Wasant Techawongtham in the Bangkok Post:

If Gen Prayuth Chan-ocha had declared martial law a few days earlier, the rogue soldier who led an armed gang to attack the villagers of Ban Na Nong Bong might have had second thoughts.

The struggle of anti-mine protesters in Loei epitomises state failure to enforce local communities’ right to have a say over the use of their natural resources.

At first glance, the incident at the village in Loei province might have no bearing on what is happening hundreds of kilometres away in Bangkok. But in fact it presents a good case study for the urgent need for national reform.

Police were no help, showing up only after the fact, which didn’t surprise the villagers who identified the leaders of the armed gang as Lt Gen Poramet Pomnak and his son Poramin.

But its immediate effect is to give the Na Nong Bong villagers a reprieve from the constant fear of intimidation by armed thugs although they realise that a long, hard fight still lies ahead.

The Na Nong Bong villagers’ plight illustrates quite succinctly what has gone wrong with this country’s management of its natural resources, which in many ways has contributed to the current political mess.

In case you are confused what incident is being referred to. Wikipedia has a summary:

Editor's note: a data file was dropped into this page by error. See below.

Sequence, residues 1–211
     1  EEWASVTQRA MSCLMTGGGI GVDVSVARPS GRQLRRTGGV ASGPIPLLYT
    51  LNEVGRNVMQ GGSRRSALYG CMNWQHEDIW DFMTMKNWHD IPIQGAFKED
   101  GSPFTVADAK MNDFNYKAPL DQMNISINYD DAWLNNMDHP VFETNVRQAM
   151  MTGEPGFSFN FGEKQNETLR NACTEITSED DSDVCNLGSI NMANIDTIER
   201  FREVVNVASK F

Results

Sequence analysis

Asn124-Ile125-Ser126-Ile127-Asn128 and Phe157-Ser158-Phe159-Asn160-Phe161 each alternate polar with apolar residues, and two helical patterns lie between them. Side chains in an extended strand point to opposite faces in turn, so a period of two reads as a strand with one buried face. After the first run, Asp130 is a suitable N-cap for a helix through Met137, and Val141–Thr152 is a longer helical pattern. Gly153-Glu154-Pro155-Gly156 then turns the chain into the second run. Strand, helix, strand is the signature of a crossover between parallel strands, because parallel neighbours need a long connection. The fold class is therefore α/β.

he Ban Na Nong Bong incident that involved severe physical beating by promoters of a gold mine on the night of May 16, 2014, versus villagers suffering from illness, in the village of Ban Na Nong Bong, Wang Saphung District, Loei Province of Thailand.[1][2] Residents of Na Nong Bong and five neighbouring villages have been embroiled in a long-running dispute with a gold mine operated by Tungkum Limited, a subsidiary of Tungkah Harbour Pcl, after which they blocked the entrance road to the mine with trucks. The gold mine was accused of poisoning the villagers’ land and water supplies and causing serious health problems among them.[3] Yon Khunna, who was watching out for the village on Thursday night, said the men tied his hands and beat him up for hours. “I was released just at 4.30am,” he said[4] About 300 men, wearing balaclavas and carrying sticks, knives and guns, went on a terror rampage at Ban Na Nong Bong in Wang Saphung district, from 10pm on May 15 to 5am the following day.[3] Wearing black and white ski masks and armed with guns, knives and clubs, up to 400 men rounded up and beat 40 people, including women, in the Khao Luang District of Loei province near the northern border with Laos. They covered villagers’ eyes, bound their ankles and wrists and beat them black and blue. They treated us like we weren’t human, one villager, Pauntip Hongchai, told Reuters by phone.[5] Network of Lecturers and Students for Society and the Environment issued a statement condemning the attack. “This is a grave violation against human rights and community rights”.[4] Ecological Alert and Recovery — Thailand (EARTH) has also issued a statement.[6]

BP: Saksith blogged a summary of some developments and some links a few days ago.

Wassant on April 25 in the Bangkok Post: